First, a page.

In A Nutshell
Frogs and toads are both amphibians in the order Anura with four legs and a compact body. While there are some general differences between the animals we call toads and those referred to as frogs, the distinction blurs at times. It may come as a surprise that all toads are frogs, but whether frogs should really be classified as toads warrants some question.
The Whole Bushel
The true frogs (Ranidae) comprise several hundred, mostly smooth-skinned amphibians with certain distinctive traits. These include possession of teeth, powerful hind limbs for leaping, and the habit of laying eggs in clusters.
Members of the family Bufonidae comprise around 300 species normally referred to as “true toads.” These species are extremely warty and, while toxic, will not give humans warts. Toads lay their eggs in strings, lack teeth, and primarily transport themselves in a walking gait with a few short hops. True toads are defined by parotid glands behind their eyes, which secrete powerful toxins that may prove exceedingly deadly to their enemies.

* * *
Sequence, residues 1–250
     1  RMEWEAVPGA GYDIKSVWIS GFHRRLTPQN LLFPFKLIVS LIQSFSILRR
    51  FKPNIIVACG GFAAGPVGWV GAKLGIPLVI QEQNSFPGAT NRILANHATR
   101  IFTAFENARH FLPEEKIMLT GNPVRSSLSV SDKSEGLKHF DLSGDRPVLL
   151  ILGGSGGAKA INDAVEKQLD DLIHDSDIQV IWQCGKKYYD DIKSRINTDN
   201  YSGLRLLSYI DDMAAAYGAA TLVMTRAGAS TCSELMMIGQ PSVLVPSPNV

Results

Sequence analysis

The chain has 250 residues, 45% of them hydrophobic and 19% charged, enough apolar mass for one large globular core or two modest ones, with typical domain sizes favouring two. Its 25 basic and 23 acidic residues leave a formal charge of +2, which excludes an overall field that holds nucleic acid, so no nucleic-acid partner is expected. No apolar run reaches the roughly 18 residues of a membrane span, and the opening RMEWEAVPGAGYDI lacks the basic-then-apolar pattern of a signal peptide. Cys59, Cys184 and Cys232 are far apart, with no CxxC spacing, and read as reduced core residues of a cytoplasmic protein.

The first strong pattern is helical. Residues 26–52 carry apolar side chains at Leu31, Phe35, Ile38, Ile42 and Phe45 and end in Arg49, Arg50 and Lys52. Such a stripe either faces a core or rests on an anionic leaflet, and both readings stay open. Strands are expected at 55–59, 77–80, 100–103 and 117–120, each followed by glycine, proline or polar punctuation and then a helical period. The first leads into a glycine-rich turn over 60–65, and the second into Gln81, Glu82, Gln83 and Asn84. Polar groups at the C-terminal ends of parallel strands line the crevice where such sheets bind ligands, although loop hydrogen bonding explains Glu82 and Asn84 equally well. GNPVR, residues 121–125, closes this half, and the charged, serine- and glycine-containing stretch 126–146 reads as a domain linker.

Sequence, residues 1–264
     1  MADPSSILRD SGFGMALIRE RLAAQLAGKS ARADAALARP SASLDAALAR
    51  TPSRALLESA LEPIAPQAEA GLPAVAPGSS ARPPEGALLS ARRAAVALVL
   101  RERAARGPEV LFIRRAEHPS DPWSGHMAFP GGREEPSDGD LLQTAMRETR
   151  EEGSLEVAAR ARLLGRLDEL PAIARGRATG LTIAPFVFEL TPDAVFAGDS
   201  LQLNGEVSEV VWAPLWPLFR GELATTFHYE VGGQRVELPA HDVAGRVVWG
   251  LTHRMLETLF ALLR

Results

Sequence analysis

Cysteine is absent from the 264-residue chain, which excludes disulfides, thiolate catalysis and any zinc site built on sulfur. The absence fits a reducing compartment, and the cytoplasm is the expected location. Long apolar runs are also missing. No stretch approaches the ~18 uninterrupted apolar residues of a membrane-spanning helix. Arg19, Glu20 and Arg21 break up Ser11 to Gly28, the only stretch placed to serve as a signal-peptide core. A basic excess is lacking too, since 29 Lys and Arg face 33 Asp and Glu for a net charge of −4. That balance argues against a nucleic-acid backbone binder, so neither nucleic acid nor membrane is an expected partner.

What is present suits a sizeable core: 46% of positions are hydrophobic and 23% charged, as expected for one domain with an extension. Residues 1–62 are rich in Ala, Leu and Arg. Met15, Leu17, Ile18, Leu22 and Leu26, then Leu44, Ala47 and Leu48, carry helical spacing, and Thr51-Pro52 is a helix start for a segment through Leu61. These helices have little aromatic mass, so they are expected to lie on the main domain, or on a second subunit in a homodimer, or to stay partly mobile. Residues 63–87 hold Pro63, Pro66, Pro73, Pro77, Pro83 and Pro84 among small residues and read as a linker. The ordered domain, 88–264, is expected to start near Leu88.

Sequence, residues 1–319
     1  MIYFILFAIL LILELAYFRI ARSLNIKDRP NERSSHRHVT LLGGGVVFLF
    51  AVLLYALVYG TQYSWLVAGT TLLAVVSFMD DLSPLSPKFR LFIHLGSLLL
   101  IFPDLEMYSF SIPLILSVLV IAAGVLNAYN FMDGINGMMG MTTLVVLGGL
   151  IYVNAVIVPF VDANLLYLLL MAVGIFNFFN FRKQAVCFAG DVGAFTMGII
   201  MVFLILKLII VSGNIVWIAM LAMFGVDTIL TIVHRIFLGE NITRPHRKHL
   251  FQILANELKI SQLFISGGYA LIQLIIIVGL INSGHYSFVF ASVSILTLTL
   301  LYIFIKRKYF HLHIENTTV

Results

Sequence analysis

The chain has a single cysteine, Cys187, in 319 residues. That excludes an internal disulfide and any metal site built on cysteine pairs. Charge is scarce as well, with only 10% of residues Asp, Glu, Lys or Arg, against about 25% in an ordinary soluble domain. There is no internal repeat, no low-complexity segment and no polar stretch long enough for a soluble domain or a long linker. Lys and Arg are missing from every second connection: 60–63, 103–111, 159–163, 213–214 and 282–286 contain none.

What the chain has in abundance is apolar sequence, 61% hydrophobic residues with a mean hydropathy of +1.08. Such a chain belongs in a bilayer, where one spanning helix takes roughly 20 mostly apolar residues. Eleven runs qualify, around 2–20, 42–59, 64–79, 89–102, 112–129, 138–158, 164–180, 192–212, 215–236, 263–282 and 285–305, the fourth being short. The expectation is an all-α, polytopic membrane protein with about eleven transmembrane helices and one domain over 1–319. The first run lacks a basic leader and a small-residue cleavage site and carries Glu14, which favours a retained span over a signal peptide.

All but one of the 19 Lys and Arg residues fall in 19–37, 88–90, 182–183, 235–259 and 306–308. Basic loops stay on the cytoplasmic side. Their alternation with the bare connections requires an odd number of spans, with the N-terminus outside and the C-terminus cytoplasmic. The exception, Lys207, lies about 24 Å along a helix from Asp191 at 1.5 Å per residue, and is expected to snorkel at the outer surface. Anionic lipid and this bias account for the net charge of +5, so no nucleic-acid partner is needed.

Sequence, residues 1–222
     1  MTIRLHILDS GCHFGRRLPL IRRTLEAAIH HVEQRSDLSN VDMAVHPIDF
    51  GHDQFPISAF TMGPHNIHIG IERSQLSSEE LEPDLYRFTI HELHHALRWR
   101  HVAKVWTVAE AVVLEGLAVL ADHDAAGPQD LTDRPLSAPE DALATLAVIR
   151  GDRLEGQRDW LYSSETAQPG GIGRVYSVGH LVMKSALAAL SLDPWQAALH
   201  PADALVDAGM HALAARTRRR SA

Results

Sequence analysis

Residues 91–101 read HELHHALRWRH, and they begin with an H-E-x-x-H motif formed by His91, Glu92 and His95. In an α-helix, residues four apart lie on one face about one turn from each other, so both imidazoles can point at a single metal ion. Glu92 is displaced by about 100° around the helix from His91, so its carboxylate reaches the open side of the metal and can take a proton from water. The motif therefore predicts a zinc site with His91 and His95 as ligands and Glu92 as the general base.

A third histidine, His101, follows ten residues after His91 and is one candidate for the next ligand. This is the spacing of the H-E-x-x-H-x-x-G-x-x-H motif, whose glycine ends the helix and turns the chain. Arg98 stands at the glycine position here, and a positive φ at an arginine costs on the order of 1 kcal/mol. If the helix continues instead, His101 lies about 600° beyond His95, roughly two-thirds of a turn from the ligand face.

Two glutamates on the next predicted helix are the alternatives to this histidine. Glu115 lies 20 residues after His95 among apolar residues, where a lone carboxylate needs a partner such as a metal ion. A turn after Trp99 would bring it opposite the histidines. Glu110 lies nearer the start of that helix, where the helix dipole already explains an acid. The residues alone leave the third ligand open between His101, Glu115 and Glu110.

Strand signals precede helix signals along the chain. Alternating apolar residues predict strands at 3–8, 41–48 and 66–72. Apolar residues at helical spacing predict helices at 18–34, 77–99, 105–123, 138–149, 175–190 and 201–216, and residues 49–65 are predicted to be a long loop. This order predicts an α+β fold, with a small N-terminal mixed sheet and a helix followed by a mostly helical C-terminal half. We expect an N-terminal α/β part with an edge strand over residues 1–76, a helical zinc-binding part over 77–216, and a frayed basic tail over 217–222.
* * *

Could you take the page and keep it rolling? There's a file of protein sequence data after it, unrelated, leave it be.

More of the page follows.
Still, it would be more fully accurate to refer to frogs, which include toads. Apart from the true frogs, other Anurid amphibian species include the tree frogs, and the fire-bellied toad, which is covered in bumps and looks very toad-like, but is not a true toad.
So, all toads are frogs, but certain non-toad frog species actually resemble true toads far more than the typical frogs they really are. Conversely, some true toads are very smooth, and look like atypical frogs.